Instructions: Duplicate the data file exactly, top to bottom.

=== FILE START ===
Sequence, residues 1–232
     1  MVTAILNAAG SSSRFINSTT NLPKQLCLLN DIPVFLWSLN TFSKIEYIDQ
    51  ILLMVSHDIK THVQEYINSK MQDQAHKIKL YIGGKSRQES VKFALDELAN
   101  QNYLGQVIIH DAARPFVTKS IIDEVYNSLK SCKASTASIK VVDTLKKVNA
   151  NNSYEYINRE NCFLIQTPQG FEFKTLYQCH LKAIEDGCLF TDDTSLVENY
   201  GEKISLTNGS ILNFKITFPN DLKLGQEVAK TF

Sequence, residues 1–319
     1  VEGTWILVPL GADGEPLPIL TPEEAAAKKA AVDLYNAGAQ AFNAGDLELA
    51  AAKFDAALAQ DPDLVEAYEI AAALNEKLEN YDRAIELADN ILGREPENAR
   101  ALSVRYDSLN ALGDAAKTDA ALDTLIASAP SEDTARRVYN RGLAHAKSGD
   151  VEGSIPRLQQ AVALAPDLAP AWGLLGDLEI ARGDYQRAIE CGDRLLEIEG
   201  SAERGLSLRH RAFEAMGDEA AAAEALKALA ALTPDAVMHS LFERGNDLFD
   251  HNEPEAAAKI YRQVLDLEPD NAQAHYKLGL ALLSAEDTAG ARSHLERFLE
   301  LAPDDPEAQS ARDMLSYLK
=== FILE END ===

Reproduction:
Sequence, residues 1–232
     1  MVTAILNAAG SSSRFINSTT NLPKQLCLLN DIPVFLWSLN TFSKIEYIDQ
    51  ILLMVSHDIK THVQEYINSK MQDQAHKIKL YIGGKSRQES VKFALDELAN
   101  QNYLGQVIIH DAARPFVTKS IIDEVYNSLK SCKASTASIK VVDTLKKVNA
   151  NNSYEYINRE NCFLIQTPQG FEFKTLYQCH LKAIEDGCLF TDDTSLVENY
   201  GEKISLTNGS ILNFKITFPN DLKLGQEVAK TF

Sequence, residues 1–319
     1  VEGTWILVPL GADGEPLPIL TPEEAAAKKA AVDLYNAGAQ AFNAGDLELA
    51  AAKFDAALAQ DPDLVEAYEI AAALNEKLEN YDRAIELADN ILGREPENAR
   101  ALSVRYDSLN ALGDAAKTDA ALDTLIASAP SEDTARRVYN RGLAHAKSGD
   151  VEGSIPRLQQ AVALAPDLAP AWGLLGDLEI ARGDYQRAIE CGDRLLEIEG
   201  SAERGLSLRH RAFEAMGDEA AAAEALKALA ALTPDAVMHS LFERGNDLFD
   251  HNEPEAAAKI YRQVLDLEPD NAQAHYKLGL ALLSAEDTAG ARSHLERFLE
   301  LAPDDPEAQS ARDMLSYLK